What she couldn’t do was maintain it properly. It was better than the rest of the houses in the area. Melis’s well-dressed boyfriend Hakan would ask for a tour of the house every time he came around. A few days later, some tradesmen would turn up to do some minor repairs. The place needed painting now but there was no chance of that.
Neslihan thought of the red line of the Metro cutting through her neighbourhood. She was struck with a desire to see her view. She put her tea down and walked to the staircase. Three floors and an attic. The attic had two triangular windows. One faced the stone wall of the Botanical Garden. From the other, she could see a cascade of roofs falling down to the Golden Horn. She couldn’t quite see the water but she liked being able to see Galata Tower.
The view had changed over the years. New skyscrapers were always going up. There seemed to be three or four that hadn’t been there last time she checked. She could see the tall buildings around Sishane, mostly expensive hotels. The new railway line was coming her way from there.
The doorbell rang. Neslihan put the teapot back on the double boiler. Her tea could wait.
It was that girl again, Duygu. She was just as excited and alive as before.
“Good morning…” Duygu checked her clipboard. “Neslihan Hanim. I’ve come to give you an update on our action against the government.”
“Good.” Neslihan was pleased to see the girl again. “Would you like a cup of tea?”
“Oh, no.” said the girl. “I need to get round to all the houses on this list before…” She looked at her watch. “Yes, please. My feet are really hurting.”
“Come on.” Neslihan led the way to her living room. She was normally embarrassed about this relic of the days when she and Nuri had been pretending to live in the time of Süleyman the Lawgiver. There was a big Van kilim on the squeaky parquetry. Neslihan indicated a divan next to a round, copper table. “Sit down there, Duygu. The tea’s ready.”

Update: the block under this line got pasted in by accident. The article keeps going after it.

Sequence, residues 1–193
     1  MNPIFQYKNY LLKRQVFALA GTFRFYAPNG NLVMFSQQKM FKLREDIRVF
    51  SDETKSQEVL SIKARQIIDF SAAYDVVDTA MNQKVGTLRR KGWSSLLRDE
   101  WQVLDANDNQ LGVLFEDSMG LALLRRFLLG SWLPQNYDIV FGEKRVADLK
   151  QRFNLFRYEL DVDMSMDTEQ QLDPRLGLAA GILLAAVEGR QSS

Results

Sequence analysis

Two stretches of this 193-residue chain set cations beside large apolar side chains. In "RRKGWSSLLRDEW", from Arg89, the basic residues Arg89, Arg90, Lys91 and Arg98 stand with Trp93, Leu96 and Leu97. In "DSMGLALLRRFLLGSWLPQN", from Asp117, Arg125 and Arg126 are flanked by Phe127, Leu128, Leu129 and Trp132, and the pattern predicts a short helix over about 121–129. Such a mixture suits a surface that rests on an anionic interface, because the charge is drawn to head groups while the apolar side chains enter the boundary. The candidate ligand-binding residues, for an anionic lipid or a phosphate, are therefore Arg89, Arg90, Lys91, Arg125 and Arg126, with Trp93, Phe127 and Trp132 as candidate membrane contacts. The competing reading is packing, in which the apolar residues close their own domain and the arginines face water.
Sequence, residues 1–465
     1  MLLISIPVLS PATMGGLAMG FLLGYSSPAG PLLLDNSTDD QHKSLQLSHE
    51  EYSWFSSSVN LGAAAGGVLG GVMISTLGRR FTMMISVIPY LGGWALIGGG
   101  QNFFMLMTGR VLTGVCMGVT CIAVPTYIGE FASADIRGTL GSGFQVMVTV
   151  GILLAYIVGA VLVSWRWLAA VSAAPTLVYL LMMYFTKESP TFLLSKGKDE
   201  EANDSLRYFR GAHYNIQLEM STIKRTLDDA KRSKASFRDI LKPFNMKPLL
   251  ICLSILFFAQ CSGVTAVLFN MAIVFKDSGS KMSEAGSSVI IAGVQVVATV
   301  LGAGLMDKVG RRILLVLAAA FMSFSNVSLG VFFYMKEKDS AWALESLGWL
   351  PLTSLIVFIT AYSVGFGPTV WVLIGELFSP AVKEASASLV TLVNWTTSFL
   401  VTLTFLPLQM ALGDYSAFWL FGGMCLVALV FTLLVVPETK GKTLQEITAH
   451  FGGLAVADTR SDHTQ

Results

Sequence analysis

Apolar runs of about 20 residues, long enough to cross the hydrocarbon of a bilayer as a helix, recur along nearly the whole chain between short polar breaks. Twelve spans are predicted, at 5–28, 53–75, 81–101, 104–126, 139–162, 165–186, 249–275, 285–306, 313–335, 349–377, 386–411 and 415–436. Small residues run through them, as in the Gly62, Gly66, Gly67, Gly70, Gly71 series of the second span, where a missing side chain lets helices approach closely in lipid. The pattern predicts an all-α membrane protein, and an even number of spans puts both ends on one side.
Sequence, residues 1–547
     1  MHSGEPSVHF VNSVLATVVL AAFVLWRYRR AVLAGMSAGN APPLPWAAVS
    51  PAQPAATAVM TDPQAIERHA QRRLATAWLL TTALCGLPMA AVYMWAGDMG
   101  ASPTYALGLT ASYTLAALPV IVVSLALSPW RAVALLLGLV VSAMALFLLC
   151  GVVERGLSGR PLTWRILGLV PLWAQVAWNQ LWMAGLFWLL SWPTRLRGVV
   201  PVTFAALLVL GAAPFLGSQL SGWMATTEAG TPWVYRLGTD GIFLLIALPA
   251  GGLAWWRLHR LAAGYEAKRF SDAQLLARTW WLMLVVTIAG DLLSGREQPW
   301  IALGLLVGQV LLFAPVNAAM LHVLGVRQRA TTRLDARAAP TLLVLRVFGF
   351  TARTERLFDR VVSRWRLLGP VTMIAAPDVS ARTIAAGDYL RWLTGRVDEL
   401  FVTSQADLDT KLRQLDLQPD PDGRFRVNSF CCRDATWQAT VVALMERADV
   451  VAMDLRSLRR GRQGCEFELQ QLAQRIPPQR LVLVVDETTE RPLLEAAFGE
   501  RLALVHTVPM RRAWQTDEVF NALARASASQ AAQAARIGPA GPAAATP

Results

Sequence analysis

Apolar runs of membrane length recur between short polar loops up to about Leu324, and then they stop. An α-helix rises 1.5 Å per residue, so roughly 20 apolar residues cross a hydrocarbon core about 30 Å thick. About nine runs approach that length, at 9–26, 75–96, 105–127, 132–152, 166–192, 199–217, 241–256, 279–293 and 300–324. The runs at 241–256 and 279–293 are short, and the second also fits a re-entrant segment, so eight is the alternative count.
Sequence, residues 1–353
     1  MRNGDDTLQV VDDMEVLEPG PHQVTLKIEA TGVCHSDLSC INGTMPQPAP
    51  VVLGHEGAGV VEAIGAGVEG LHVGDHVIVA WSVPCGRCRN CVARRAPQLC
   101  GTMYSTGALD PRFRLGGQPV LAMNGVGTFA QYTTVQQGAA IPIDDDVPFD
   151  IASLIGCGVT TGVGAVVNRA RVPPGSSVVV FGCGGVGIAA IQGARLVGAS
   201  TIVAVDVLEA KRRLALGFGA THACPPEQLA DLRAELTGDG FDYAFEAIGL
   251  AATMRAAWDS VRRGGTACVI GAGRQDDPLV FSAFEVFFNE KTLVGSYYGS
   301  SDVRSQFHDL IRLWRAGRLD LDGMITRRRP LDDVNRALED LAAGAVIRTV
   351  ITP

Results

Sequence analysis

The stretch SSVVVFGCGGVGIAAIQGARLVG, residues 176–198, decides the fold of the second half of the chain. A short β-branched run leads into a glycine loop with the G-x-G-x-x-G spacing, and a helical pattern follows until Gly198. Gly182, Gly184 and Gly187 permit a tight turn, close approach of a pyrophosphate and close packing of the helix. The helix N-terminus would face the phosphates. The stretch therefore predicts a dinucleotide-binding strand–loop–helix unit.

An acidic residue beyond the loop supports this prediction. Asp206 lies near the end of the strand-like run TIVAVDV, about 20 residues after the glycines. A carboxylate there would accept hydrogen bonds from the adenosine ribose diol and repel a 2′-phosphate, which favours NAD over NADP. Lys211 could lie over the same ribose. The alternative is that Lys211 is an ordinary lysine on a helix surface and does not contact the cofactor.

“You remembered my name,” said the girl. “Nobody else does.”
“Of course I did.” Neslihan moved into the kitchen and raised her voice. “You remind me of my daughter. She’s the same age as you. Neslihan realised as she said this that she was wrong. Melis was years older. It was just that she remembered her as the age just before she left home. “Maybe a little older.”
“I love the way you’ve done this room,” said Duygu. “It totally suits the house. You must feel really strongly about having to leave and going somewhere soulless.”
“Yes,” said Neslihan vaguely. She put two glasses of tea onto the copper table. “I’ll just get some kurabiye.” She went back into the kitchen. Are all the houses on this street going to be knocked down?”
“I think so…” Neslihan put a plate of pastries on the table. Duygu was searching the room for something. Sugar. It must be sugar. Since she had lived alone, Neslihan had found that she didn’t need sugar any more.
“I’ll just get that, dear.” The dear seemed so natural, the same as it had when Melis had been younger. Neslihan put the sugar and a spoon down beside Duygu’s tea. “How many houses do you have to go to today?”
“I don’t know.” Duygu held up her clipboard. There was a computer printout of an aerial photo. Each house was marked with a dot and a number. “Hundreds of them.”
“And it’s important that you do them all.”
“Yes. We need everyone involved. If we don’t have solidarity, we won’t be able to show the government how strongly the entire community feels.”
“Do you think it will make a difference?” asked Neslihan gently.
“Yes.” Duygu’s eyes were wide. “Look at the Gezi Park protests. I was down south in Olympus when they were happening but everyone in the country knew about them. The government cracked down but international pressure made them leave it alone. They don’t dare build their shopping centre now.”
Neslihan nodded but said nothing. Most of the people she knew had no sympathy for the protesters. It wasn’t right for people to shout rude things at the Prime Minister.